The Battle to Save Net Neutrality

The FCC votes to rescind the NET NEUTRALITY regulations on December 14, 2017.  We have only a couple weeks to contact Congress to stop the FCC from messing up our internet.

What CAN I DO RIGHT NOW?

Email Congress – Sample Letter Included

Call Congress from your PC – Sample Telephone Script Included

Attend a Protest at your local Verizon Store on December 7, 2017.

Read More on FCC plans to repeal net neutrality rules. Article by Margaret Harding McGill 11-20-2017 on Politico.com 

Read and download the FCC’s current Declaratory Ruling – WC Docket No. 17-108

Remove the Tab to Open Microsoft Edge in Internet Explorer of Windows 10

Starting with Windows 10 build 15002, a new tab called “Open Microsoft Edge” has been added to the tab bar of Internet Explorer.  This Edge Tab is situated next to the New Tab button on the Tab Bar.

This article will show you how to remove this Open Microsoft Edge Tab.

1. Click/tap on the Tools (Alt+X) button in Internet Explorer, and click/tap on Internet Options. (see screenshot below)

 

2. Click/tap on the Advanced tab in Internet Options, check (remove) or uncheck (default add) the Hide the button (next to the New Tab button) that open Microsoft Edge option under the Browsing section for what you want, and click/tap on OK. (see screenshot below).  Click Apply button, Click OK.

3. Close and reopen Internet Explorer to see that the change has been applied and that the unwanted Tab is gone.

Bye the way, Microsoft wants you to use the Edge browser because all of your searches and your browsing habits are stored to the BING CLOUD.  Microsoft can use your browsing habits to serve you targeted ads in Microsoft Edge.  So far, Microsoft has not chosen to do this when you use Internet Explorer.  I recommend disabling Edge to the maximum extent possible.  Don’t use the Windows 10 apps for “Contacts” or “Mail” or Calendar.  All the content of these Windows 10 Apps is sifted by Microsoft and the content is stored in the Bing Cloud.  Don’t use Cortana.  Same reasoning.  Disable it until it only serves as a file search box.  Finally, go into “Start,” “Settings,” and “Privacy,” and turn OFF as much information leaking functionality as possible, which would otherwise allow apps and Microsoft Windows 10 to store and use your personal information, and the personal information of your contacts, business associates, clients, etc.  Never Log into Windows 10 with your Windows Account ID.  Never authorize the use of your Windows Account ID as the default configuration.  As soon as you enable an APP from the Windows App store, you will be asked to make that default authorization.  You might skip right past it.  That is their intent.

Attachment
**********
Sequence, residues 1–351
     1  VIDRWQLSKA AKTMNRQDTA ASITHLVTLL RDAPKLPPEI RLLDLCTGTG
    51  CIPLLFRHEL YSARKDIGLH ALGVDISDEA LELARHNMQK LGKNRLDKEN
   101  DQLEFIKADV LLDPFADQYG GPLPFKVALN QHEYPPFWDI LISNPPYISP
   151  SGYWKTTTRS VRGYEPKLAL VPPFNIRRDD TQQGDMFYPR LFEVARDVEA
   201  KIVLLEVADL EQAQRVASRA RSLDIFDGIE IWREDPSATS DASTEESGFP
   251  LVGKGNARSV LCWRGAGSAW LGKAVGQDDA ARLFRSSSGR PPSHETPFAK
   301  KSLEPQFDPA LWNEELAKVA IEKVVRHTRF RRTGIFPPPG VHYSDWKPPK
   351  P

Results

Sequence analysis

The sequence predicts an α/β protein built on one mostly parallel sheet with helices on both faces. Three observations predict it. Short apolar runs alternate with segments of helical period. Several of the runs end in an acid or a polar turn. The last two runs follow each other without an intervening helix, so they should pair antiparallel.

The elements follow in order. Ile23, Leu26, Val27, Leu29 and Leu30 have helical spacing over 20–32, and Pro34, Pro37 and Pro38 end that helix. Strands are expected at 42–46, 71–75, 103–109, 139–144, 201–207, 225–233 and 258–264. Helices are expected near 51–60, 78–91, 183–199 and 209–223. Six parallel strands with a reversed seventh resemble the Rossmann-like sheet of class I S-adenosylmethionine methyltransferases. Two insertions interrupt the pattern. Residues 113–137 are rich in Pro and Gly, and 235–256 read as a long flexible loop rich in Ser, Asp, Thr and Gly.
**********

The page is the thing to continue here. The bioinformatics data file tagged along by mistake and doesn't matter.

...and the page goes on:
Allow Remote Desktop for Administration on Windows Server 2008 R2

https://technet.microsoft.com/en-us/library/cc742816(v=ws.11).aspx

Using Remote Desktop

Applies To: Windows Server 2008 R2

To allow remote connections for administrative purposes only, you do not have to install the RD Session Host role service. Instead, you enable Remote Desktop on the computer that you want to remotely administer.

noteNote
Remote Desktop supports only two concurrent remote connections to the computer. You do not need Remote Desktop Services client access licenses (RDS CALs) for these connections.

You can use the following procedure to enable Remote Desktop on a Windows Server 2008 R2 computer.

Membership in the local Administrators group, or equivalent, on the computer that you plan to configure, is the minimum required to complete this procedure.

To enable Remote Desktop

  1. Start the System tool. To start the System tool, click Start, click Run, type control system and then click OK.
  2. Under Tasks, click Remote settings.
  3. In the System Properties dialog box, on the Remote tab, click either of the following, depending on your environment:
    • Allow connections from computers running any version of Remote Desktop (less secure)
    • Allow connections only from computers running Remote Desktop with Network Level Authentication (more secure)

    For more information about the two options, click the Help me choose link on the Remote tab.

  4. Click Select Users to add the users and groups that need to connect to the computer by using Remote Desktop. The users and groups that you add are added to the Remote Desktop Users group.
    noteNote
    Members of the local Administrators group can connect even if they are not listed.